Washington, DC: There are now more than 2.1 million Americans incarcerated in state and federal prisons and local jails, according to a report released this week by the US Department of Justice. The figure is the highest ever recorded in the history of the United States, and represents a one-quarter increase in the US inmate population since 1995.
Prisoners in the custody of the 50 states and the federal system accounted for two-thirds of the incarcerated population (1.4 million inmates), while the other third were held in local jails (714,000 inmates).
Among black males age 25 to 29, approximately 13 percent were in prison or in jail, compared to less than 2 percent of white males in their late twenties. Overall, one in every 138 US residents is in prison or jail, the report concluded.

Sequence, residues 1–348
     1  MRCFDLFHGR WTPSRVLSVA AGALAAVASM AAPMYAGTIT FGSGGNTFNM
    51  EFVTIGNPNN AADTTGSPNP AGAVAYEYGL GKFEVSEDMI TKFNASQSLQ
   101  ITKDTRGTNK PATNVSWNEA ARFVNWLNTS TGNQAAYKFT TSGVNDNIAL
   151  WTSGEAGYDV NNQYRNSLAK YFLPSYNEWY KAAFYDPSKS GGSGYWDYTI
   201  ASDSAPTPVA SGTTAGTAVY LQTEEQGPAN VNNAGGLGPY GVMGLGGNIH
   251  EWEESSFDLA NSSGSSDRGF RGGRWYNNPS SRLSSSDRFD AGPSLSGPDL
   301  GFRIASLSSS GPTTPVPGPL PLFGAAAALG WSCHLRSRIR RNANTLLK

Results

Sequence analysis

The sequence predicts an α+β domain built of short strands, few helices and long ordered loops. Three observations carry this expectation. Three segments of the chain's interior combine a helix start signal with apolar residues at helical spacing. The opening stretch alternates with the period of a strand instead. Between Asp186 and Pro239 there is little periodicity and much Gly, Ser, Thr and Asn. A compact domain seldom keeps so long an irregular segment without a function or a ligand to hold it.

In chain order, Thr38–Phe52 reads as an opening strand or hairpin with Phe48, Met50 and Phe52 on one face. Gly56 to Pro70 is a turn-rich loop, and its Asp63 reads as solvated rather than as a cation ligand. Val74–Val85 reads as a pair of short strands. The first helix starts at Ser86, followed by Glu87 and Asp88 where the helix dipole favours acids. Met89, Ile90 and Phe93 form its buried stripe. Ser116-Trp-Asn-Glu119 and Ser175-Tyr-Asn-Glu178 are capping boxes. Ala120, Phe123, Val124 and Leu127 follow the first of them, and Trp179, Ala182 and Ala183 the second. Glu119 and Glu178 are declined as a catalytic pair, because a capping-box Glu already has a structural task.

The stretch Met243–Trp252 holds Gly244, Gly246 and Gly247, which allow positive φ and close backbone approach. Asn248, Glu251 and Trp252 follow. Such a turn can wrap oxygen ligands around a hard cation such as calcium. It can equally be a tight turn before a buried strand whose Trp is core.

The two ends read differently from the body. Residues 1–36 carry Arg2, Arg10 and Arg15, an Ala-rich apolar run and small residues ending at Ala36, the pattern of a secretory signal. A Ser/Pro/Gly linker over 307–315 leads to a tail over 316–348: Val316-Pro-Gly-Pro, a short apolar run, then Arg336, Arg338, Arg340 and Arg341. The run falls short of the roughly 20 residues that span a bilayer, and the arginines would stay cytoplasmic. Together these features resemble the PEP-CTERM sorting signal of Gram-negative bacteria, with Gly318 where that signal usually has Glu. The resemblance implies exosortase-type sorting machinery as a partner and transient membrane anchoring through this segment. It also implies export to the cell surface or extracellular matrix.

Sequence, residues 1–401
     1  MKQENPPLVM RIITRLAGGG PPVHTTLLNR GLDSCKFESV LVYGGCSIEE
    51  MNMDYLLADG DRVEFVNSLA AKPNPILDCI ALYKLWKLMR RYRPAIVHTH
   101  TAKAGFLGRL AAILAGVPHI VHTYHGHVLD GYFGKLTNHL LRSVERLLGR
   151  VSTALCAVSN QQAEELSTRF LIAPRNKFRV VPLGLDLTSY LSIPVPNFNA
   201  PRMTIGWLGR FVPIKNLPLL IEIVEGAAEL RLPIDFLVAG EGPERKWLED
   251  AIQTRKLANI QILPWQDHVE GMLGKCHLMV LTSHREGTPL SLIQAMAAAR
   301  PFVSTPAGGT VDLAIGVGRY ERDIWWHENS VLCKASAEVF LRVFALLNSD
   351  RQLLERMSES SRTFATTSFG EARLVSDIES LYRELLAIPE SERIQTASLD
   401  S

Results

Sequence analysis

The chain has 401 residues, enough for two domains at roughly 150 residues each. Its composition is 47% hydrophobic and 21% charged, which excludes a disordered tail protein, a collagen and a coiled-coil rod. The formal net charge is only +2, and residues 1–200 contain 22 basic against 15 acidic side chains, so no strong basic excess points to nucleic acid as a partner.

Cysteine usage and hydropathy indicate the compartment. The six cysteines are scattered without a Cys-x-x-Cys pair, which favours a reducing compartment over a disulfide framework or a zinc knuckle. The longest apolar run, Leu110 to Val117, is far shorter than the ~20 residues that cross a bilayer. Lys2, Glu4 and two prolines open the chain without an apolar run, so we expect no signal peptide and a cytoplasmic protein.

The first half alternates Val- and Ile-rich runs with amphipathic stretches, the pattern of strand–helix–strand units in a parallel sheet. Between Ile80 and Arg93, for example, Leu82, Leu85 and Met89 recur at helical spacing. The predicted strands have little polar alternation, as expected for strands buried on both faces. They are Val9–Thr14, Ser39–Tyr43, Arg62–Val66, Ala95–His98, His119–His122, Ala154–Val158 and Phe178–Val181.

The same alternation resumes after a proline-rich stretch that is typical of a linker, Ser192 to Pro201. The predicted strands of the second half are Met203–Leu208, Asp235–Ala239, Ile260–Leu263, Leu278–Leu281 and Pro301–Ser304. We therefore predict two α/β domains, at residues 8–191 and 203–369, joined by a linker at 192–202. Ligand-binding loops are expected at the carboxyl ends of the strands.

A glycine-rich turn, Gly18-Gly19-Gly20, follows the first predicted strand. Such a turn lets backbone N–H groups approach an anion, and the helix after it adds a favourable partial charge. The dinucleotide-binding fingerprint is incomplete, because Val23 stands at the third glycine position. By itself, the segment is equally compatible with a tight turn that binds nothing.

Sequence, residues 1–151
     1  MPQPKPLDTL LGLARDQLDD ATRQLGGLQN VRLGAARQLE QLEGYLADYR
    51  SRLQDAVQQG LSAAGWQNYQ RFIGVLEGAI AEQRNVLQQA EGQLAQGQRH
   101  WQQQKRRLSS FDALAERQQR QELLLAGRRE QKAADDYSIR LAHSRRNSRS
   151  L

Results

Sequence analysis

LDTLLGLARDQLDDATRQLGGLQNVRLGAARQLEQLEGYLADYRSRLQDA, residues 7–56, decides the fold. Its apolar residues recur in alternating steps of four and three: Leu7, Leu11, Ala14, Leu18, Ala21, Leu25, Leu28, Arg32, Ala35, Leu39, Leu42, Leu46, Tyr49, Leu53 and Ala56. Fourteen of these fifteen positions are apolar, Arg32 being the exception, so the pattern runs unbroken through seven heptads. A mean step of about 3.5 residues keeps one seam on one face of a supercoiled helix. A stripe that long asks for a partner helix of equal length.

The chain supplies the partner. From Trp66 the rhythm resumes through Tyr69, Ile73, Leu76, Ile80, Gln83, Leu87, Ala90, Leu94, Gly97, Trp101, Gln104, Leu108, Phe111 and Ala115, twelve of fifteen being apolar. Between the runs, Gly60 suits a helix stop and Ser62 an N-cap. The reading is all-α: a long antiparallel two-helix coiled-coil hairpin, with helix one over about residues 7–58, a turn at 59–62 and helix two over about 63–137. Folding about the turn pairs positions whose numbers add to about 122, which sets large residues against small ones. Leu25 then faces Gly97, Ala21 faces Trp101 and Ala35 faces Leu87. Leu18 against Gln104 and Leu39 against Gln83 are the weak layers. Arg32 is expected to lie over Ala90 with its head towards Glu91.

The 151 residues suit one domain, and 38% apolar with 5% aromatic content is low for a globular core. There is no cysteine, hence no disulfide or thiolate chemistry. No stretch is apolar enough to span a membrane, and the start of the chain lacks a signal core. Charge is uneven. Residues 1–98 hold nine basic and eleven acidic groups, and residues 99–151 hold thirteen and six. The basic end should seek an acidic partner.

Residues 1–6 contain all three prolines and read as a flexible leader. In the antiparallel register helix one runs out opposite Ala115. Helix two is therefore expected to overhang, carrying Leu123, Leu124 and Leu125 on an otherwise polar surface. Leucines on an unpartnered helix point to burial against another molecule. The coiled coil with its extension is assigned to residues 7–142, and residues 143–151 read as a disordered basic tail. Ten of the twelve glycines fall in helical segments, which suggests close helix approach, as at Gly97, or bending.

Authors of the report cited mandatory drug sentences as one of the primary reasons for the sharp increase in the US inmate population over the past decade.
For more information, please contact either Allen St. Pierre or Paul Armentano of NORML at (202) 483-5500. Full text of the Department of Justice report, “Prison and Jail Inmates at Midyear 2004,” is available online at: